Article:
So it could all be discussed, there's no formal agenda and they're not expected to take concrete decisions but I do know, for example, that helicopters will be on the discussion-- on the agenda. I would not be surprised if missile defence was also something ministers of defence wish to address and I would not be surprised if the C17 issue also was something they wished to address. That being said, C17s are moving forward, as you understand-- as I've read in the press yesterday, Finland has announced that it wishes to buy 100 hours also. So this is not a particular bone of contention but I can't exclude that it would be raised.
There and then there.
Q:James, I would like to clarify these many vague statements about stability and security when Ukraine and Georgia will find that-- sign the Membership Action Plan, can you tell us the point of view of NATO? Georgia has to self-proclaimed and (inaudible) organized states inside its national borders? So, do you think that the signing of Membership Action Plan and possible entry of Georgia to NATO will help to solve this frozen conflict that's on its stairs? Thank you.
APPATHURAI: First, let me say, NATO's position on Georgia's territorial integrity is very clear, and that is that the NATO Allies firmly support Georgia's sovereignty and territorial integrity. Second, we have not, as an Alliance, linked NATO membership with -- or linked Georgia's aspirations to come closer to NATO with the resolution of these frozen conflicts, as you call them. They are being dealt with by other international bodies, in particular, the OSCE and the leadership in resolving those issues should rest, from the NATO point of view, with them, OSCE, UN, and not with NATO.
I think we'll go here and then here and I think we'll be done.
Q:James, in one of the previous press conferences this issue of Pakistan not being invited was raised and later I read in Pakistani media that said because they are contributing with blood instead of money they are not being invited. Isn't it a very strategic issue and not to be invited and for the new government coming in and the problems they're going to face?
APPATHURAI: There are-- there is no doubt of the importance of Pakistan's contribution to solving the problems of instability in the region from which Pakistan suffers as much as Afghanistan on different sides of the line. But, the criteria which we, as an Alliance, have followed for invitations to the meeting are quite well defined. There are a number of important countries making important contributions to the operation in different ways but that are not contributing troops and they are also not invited; contributing troops to the ISAF mission, let me be very clear.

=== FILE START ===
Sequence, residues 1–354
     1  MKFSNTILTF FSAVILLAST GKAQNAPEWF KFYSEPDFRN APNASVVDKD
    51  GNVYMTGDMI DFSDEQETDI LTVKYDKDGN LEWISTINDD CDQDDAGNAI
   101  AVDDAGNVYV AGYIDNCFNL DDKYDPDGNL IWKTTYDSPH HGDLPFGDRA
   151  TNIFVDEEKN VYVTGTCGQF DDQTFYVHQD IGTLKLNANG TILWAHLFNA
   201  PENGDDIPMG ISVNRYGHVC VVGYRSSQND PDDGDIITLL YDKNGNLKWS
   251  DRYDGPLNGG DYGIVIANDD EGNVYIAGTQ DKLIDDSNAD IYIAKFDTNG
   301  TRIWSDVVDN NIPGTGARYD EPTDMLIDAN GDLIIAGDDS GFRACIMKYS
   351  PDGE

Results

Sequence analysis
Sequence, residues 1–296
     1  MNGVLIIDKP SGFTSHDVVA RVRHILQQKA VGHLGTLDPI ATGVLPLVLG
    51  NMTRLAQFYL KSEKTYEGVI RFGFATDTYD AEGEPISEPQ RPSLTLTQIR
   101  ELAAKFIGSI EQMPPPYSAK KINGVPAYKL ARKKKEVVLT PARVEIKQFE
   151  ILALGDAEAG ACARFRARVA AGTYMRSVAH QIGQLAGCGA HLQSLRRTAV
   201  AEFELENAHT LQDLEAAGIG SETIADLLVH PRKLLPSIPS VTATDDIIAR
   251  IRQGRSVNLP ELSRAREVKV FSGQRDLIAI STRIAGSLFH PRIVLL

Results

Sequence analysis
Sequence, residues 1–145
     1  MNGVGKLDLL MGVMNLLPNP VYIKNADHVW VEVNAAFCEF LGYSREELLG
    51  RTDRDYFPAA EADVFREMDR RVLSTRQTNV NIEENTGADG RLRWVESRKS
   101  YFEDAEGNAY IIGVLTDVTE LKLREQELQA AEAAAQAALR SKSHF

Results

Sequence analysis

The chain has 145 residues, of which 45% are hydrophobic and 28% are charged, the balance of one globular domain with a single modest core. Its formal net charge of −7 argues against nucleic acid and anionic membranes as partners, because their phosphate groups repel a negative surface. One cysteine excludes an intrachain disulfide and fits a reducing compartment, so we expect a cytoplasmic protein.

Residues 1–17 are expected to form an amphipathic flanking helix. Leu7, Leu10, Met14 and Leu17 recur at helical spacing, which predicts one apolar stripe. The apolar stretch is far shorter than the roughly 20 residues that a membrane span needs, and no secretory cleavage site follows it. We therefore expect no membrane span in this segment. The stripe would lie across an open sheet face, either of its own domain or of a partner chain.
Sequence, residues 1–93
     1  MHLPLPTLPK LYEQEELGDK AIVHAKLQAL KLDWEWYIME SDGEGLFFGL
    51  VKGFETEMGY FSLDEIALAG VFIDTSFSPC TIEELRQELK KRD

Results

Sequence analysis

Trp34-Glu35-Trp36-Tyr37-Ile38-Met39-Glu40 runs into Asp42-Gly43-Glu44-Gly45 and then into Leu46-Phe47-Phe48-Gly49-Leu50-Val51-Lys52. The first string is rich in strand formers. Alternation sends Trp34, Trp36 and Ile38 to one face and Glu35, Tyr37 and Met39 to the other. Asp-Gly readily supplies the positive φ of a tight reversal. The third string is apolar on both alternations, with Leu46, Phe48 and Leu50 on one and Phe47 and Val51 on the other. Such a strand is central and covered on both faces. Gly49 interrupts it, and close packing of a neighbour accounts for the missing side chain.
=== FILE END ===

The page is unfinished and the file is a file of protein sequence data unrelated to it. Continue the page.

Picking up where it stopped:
So, as I say, no one is, in any way, diminishing the importance of what Pakistan has done and what Pakistan must do in cooperation with us and what we must do in cooperation with Pakistan to address this issue, but the criteria for invitations are very well defined. Let me make one final point which I already made to your colleague, we should not ignore the very profound military-to-military cooperation, the high-level political engagement that the Secretary General has made with Pakistan, will continue to make I am quite sure with the new government as well as quickly as possible.
Yeah, okay, I'm running a bit out of time so let's go to these two and then I'm going to have to go, sorry.
Q:Let me ask you, where is missile defence exactly going to be discussed. Is that only going to be discussed by the ministers of defence or also by the Heads of State, and how is that discussion going to be? Is it just going to be a briefing from the side of the US or maybe the Czechs and the Polish, or is some kind of endorsement expected? And a second question, we understand that President Bush is going to meet with President Putin before the summit somewhere on the Black Sea. Could it be that any decision on MAP is only going to happen after these discussions?
APPATHURAI: I am not aware of any meetings between those two presidents, so I can't comment on it. Missile defence I fully expect to be discussed by Heads of State and Government most likely on the first full morning, so in the formal NAC session on the Thursday morning.
Q: James, est-ce que l'Ousbékistan fournit des soldats en Afghanistan? Parce que tu viens de dire qu'on invite, bon... Mais alors, il paraît que le président de l'Ousbékistan vient. Alors, il y a une contradiction avec ce que tu as dit sur le Pakistan ou est-ce que je me trompe? Je me trompe bien sûr.
APPATHURAI: Il vient pour la réunion de EAPC, le lunch. Mais je doute fort qu'il soit... No, they are not. I am... it's confirmed. They are not coming to the ISAF meeting.